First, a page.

Fyodor Dostoevsky
Fyodor Dostoevsky

Was Fyodor Dostoyevsky a true crime writer? In some sense, the answer is yes. Jennifer Wilson (The New York Times) draws attention to Dostoyevsky’s use of real-life criminal cases to critique nineteenth-century Russian society:

“[T]oday’s true crime resurgence has an antecedent in the works of Fyodor Dostoyevsky, the Russian author of numerous novels about murder including, most famously, “Crime and Punishment.” Dostoyevsky was obsessed with the judiciary. He spent considerable time watching trials, debating with lawyers about the nature of innocence and guilt, visiting the accused in prison and trying to sway public opinion about certain cases. So enmeshed were Dostoyevsky and his writing in the legal consciousness of czarist Russia that defense attorneys were known to invoke Rodion Raskolnikov, the charismatic murderer-protagonist of “Crime and Punishment,” when seeking sympathy from the jury. (more…)

Does Fyodor Dostoyevsky’s Poor Folk and Other Stories speak to our troubled economic era?
Portrait of Fyodor Dostoyevsky by Vasily Perov (1872).
Portrait of Fyodor Dostoyevsky by Vasily Perov (1872).

In November 1844, Dostoyevsky finished writing his first story. He confides in Diary of a Writer that he had ‘written nothing before that time’. This was 22 years before the publication of Crime and Punishment, and 36 years before The Brothers Karamazov. Having recently finished translating Balzac’s Eugénie Grandet, he suddenly felt inspired to write a tale ‘of the same dimensions’. But he was not only prompted by artistic aspirations. Poverty also played a part. In a letter to his brother, Mikhail, just a few months earlier, he mentions being satisfied with a work-in-progress, and his hopes for greater financial stability: ‘I may get 400 rubles for it,’ he wrote, ‘and therein lie all my hopes.’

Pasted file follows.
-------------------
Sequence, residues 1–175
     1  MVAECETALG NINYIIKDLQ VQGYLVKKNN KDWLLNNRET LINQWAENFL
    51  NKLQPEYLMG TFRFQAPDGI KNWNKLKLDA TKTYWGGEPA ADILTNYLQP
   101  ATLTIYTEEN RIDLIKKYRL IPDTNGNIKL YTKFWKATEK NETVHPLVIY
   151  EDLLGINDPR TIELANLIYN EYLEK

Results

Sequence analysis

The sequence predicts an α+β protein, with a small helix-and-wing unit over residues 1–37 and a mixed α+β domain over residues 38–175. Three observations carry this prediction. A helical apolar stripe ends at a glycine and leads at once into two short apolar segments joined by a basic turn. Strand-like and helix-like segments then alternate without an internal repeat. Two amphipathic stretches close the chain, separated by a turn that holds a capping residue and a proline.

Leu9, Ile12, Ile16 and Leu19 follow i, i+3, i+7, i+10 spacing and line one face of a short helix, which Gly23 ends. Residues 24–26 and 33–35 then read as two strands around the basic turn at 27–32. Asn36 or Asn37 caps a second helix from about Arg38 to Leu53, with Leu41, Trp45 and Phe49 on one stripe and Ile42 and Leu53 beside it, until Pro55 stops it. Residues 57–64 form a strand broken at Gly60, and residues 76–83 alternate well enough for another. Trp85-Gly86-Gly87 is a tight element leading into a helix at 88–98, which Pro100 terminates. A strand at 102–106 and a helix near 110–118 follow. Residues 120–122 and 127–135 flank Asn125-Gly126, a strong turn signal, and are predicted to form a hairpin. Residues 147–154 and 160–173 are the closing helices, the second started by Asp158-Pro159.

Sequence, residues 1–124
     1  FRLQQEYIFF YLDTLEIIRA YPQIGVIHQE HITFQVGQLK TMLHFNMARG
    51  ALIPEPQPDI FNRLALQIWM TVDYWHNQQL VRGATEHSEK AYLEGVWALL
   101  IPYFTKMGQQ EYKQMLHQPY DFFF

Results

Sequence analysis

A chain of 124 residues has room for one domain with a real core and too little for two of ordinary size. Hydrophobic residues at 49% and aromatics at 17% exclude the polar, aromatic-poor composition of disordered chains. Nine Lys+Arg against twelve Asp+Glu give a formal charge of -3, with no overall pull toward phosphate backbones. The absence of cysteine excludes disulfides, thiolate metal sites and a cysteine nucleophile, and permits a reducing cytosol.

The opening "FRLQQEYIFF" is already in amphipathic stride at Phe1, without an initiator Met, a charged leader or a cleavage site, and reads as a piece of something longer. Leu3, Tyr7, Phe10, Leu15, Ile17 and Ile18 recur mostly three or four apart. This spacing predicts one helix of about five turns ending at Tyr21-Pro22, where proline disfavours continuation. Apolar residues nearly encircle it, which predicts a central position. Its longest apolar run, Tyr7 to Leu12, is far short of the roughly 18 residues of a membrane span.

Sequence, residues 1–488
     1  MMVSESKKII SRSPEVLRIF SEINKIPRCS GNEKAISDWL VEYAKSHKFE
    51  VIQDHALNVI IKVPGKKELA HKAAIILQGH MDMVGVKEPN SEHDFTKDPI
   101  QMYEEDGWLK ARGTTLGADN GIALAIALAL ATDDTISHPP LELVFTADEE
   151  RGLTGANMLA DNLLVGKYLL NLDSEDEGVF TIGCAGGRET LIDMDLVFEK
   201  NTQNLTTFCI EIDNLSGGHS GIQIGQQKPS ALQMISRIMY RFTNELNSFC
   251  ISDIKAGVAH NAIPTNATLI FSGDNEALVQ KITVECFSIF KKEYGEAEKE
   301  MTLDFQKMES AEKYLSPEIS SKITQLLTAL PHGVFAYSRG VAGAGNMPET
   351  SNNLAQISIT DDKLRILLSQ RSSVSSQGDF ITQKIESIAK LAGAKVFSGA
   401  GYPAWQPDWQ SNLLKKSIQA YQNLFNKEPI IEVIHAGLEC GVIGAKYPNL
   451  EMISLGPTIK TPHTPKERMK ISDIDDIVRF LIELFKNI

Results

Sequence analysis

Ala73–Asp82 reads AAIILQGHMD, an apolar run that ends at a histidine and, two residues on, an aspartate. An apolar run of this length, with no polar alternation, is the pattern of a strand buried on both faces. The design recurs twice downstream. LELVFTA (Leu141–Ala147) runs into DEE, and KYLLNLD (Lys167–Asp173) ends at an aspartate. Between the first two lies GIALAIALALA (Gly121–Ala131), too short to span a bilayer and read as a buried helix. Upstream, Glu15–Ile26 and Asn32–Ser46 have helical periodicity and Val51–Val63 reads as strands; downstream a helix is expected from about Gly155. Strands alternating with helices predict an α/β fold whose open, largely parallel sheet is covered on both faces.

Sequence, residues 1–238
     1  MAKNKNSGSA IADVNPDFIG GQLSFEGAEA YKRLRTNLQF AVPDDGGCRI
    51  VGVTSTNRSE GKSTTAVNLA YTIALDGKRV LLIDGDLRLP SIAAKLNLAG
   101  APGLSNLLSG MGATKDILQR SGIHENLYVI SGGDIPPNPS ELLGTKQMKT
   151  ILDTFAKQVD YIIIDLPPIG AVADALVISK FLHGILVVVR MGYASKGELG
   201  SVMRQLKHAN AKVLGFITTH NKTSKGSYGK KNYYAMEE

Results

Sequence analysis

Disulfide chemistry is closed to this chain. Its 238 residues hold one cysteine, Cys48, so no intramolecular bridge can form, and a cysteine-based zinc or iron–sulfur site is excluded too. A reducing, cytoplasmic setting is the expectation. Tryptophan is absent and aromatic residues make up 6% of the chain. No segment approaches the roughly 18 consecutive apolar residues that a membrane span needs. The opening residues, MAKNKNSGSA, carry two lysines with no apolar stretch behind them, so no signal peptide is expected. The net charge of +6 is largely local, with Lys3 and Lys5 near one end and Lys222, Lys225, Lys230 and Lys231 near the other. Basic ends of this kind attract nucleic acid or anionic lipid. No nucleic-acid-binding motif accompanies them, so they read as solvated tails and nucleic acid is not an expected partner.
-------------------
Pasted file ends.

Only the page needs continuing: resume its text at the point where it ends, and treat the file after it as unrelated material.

First published in 1846, Poor Folk was both a critical and financial success, with one prominent critic hailing Dostoyevsky as the next Gogol. It is a short epistolary novel that traces a five-month love affair. And while it certainly owes something to Balzac’s masterpiece, the role that money plays in determining people’s fates has a distinctly Dostoyevskyan bite. Financial difficulties plagued the Russian novelist’s career, and are a recurrent theme throughout his work, from the destitute student of Crime and Punishment to The Gambler, written to pay off gambling debts. The writer confessed having money troubles in letters to his brother, and hoped Poor Folk could offer some kind of reprieve. It is through his pen, he says, that he hopes ‘to save the whole situation’, considering suicide as perhaps his only other alternative. Money, then, was one of the novelist’s chief motivations, and one of his signature themes. (more…)